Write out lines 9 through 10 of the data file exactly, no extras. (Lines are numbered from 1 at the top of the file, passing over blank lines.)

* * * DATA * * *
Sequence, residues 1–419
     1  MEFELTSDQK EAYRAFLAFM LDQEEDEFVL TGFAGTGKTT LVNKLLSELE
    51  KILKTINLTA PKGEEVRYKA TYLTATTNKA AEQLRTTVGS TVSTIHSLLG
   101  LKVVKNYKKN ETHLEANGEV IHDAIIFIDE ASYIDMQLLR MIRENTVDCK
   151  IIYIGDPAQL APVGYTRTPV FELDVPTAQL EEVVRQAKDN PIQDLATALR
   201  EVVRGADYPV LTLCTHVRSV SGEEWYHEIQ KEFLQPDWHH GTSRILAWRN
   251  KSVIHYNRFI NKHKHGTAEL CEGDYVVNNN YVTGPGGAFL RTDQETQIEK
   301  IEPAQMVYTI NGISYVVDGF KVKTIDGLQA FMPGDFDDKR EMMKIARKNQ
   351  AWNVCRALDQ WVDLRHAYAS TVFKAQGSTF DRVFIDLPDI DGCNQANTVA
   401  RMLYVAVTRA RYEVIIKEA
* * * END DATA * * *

   351  AWNVCRALDQ WVDLRHAYAS TVFKAQGSTF DRVFIDLPDI DGCNQANTVA
   401  RMLYVAVTRA RYEVIIKEA